The dollar is losing ground against all of its major competitors on Monday. The move has become more pronounced following the release of the disappointing ISM non-manufacturing data. The Senate is scheduled to vote on the nomination of Janet Yellen as the Federal Reserve Chairman this evening. Investors will be watching for the release of the all important U.S. jobs report for December on Friday.
With orders for transportation equipment showing a notable rebound, the Commerce Department released a report on Monday showing that new orders for U.S. manufactured goods rose by slightly more than expected in the month of November.
The report said factory orders increased by 1.8 percent in November following a revised 0.5 percent decrease in October. Economists had expected orders to rise by 1.6 percent compared to the 0.9 percent drop that had been reported for the previous month.
Activity in the U.S. service sector unexpectedly grew at a slower rate in the month of December, according to a report released by the Institute for Supply Management on Monday.
The ISM said its non-manufacturing index edged down to 53.0 in December from 53.9 in November, although a reading above 50 still indicates growth in the service sector. With the drop, the index fell to its lowest level since hitting 52.8 in June. The modest decrease came as a surprise to economists, who had been expecting the index to creep up to a reading of 54.8.
The dollar rose to a 1-month high of $1.3588 against the Euro early Monday, but has since pulled back to around $1.3645.
Eurozone investor confidence improved sharply in January to the highest since April 2011, a monthly survey by the think tank Sentix showed on Monday. The sentiment index rose by 3.9 points to 11.9 in January.
Eurozone’s private sector growth accelerated as estimated in December, supported by strong performance by the manufacturing sector, final data released by Markit Economics revealed Monday.
The seasonally adjusted composite output index, which measures performance of manufacturing and service sectors, rose to a three-month high of 52.1 in December from 51.7 in November. The outcome matched the flash estimates.
German private sector growth slowed more than estimated initially in December, detailed results of a survey by Markit Economics showed Monday. The headline composite output index, that measures combined performance of the country’s manufacturing and services industries, fell to 55 in December from 55.4 in November. The flash survey report published on December 16 showed a higher reading of 55.2.
Germany’s EU harmonized inflation weakened more-than-expected in December, latest data revealed Monday. The harmonized index of consumer prices (HICP), measured under the EU methodology, increased by 1.2 percent in December from the corresponding month of last year, following a 1.6 percent gain in November. Economists had forecast a 1.4 percent growth for December.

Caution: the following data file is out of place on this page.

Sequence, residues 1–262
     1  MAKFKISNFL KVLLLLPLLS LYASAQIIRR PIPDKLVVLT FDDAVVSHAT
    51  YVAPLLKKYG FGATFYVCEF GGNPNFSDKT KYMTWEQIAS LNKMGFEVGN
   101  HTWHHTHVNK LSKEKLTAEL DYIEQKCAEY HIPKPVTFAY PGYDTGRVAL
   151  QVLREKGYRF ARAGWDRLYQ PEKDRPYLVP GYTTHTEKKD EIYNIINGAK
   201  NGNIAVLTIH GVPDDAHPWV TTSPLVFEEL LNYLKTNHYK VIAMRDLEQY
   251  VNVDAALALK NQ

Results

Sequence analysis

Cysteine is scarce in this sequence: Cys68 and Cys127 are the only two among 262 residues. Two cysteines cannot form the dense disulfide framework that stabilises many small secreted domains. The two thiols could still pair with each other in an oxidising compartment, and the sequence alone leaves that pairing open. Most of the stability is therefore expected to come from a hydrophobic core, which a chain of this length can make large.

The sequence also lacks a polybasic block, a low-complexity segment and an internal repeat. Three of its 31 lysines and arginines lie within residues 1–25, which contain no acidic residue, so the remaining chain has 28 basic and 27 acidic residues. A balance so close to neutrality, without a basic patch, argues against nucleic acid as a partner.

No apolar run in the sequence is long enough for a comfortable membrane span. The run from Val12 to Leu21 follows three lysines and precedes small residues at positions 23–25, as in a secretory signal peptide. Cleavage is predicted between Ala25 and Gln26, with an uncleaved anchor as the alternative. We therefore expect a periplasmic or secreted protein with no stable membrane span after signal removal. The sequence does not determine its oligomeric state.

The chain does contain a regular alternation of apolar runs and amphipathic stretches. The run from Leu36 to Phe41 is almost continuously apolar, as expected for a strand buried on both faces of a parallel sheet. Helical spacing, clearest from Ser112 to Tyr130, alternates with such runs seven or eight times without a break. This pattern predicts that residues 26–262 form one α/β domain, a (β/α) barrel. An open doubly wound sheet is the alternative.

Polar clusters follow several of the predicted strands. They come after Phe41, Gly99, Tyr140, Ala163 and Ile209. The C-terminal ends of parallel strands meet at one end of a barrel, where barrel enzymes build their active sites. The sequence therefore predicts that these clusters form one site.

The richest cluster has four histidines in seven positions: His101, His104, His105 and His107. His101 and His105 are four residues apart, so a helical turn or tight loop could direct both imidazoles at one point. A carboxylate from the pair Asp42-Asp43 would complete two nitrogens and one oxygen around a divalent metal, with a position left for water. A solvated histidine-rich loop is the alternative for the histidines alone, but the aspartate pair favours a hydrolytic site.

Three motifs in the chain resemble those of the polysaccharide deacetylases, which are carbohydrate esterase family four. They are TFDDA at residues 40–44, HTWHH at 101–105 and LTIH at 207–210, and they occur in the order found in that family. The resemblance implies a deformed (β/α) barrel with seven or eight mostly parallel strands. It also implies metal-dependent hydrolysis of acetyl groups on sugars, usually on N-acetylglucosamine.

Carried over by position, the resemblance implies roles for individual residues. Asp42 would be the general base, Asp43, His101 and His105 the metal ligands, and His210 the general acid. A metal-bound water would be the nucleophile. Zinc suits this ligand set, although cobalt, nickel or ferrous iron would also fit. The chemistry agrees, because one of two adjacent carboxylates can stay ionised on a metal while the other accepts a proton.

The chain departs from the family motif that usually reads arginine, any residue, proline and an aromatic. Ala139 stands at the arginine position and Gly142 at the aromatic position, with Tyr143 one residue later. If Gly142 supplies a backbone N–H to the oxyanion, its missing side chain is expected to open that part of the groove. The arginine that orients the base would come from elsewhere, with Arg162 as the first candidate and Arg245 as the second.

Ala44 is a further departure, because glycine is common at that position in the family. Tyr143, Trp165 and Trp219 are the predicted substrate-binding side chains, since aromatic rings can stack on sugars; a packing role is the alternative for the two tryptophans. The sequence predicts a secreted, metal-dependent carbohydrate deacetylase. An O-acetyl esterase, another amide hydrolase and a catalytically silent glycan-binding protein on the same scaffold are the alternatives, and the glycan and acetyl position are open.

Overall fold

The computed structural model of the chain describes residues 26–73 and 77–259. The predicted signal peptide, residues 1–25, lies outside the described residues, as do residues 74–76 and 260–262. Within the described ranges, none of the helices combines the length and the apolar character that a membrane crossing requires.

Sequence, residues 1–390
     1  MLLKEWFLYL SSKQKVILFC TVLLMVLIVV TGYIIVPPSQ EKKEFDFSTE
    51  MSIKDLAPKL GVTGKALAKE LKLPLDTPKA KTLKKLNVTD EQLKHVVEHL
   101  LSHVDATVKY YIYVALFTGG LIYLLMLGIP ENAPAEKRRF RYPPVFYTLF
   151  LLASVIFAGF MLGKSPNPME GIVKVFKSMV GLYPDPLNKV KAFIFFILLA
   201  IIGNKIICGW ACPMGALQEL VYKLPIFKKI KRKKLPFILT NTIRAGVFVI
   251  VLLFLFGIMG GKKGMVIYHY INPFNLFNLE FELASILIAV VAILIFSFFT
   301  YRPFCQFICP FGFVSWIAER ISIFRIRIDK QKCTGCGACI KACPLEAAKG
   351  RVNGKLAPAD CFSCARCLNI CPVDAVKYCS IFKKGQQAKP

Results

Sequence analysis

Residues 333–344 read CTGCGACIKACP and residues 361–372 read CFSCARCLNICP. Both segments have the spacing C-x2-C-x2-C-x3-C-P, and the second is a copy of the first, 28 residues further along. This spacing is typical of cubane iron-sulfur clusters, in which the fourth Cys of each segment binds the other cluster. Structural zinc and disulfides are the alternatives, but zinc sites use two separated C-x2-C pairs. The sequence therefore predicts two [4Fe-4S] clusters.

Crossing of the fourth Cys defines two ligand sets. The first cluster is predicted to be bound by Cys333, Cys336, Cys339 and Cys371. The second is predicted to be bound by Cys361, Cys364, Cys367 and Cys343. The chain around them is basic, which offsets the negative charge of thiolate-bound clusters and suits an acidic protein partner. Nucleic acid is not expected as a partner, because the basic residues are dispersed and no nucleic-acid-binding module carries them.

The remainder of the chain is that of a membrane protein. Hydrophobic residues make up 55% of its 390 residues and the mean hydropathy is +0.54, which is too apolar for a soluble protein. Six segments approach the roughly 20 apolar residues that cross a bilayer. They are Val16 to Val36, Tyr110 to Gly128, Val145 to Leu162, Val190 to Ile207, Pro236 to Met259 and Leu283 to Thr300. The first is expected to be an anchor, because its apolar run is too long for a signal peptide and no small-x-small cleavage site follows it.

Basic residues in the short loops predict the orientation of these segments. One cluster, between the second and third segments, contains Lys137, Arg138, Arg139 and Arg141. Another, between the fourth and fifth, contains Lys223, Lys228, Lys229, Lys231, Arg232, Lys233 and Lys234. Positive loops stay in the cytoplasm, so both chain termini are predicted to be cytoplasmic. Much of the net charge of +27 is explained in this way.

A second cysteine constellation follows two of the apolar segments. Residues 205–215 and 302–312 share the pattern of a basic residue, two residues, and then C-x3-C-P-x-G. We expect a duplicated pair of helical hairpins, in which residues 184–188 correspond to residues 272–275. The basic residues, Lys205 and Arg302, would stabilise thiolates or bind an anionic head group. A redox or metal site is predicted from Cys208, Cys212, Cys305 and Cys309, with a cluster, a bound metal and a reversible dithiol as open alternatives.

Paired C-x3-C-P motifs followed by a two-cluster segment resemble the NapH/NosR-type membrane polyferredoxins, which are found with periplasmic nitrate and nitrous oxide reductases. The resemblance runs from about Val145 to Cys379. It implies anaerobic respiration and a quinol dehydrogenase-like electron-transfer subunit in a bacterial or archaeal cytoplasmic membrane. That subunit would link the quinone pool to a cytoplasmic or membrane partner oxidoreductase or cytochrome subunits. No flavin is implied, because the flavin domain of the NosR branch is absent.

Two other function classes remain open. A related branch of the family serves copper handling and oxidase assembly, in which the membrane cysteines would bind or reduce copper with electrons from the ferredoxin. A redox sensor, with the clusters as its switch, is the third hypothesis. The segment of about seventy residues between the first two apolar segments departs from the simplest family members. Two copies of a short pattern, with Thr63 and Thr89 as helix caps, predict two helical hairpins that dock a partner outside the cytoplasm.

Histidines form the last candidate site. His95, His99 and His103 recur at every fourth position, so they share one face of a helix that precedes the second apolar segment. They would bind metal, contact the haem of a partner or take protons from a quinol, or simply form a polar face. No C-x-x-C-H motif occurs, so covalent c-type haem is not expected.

The French service sector contracted less than estimated in December, final data from Markit Economics showed Monday. The final Services Activity Index fell to 47.8 in December, a 6-month low, from 48.0 in November. The flash reading for December was 47.4.
The British government should cut spending by another GBP 25 billion over two years after the 2015 general election, Chancellor George Osborne said in a speech in Birmingham on Monday. The government needs to reduce spending by GBP 17 billion this year and GBP 20 billion next year.
According to the current forecasts, GBP 12 billion of further welfare cuts are needed in the first two years of next Parliament, he said.
The greenback rose to over a 1-week high of $1.6336 against the pound sterling early Monday, but has since retreated to around $1.6400.
The U.K.’s service sector activity slowed unexpectedly in December as new order growth eased, a survey by Markit Economics and the Chartered Institute of Purchasing and Supply (CIPS) showed Monday. The headline business activity index fell to a six-month low of 58.8 in December from 60 in November. Economists had forecast the index to rise to 60.5.
The buck reached an early high of Y104.938 against the Japanese Yen on Monday, but has since fallen to around $1.104.370.
Japan’s services business activity expanded for the fourteenth successive month in December, Markit Economics reported Monday. The headline Business Activity Index rose to 52.1 from November’s three-month low of 51.8. This reading signaled a small acceleration in the rate of business activity growth and continued the longest sequence of expansion to date.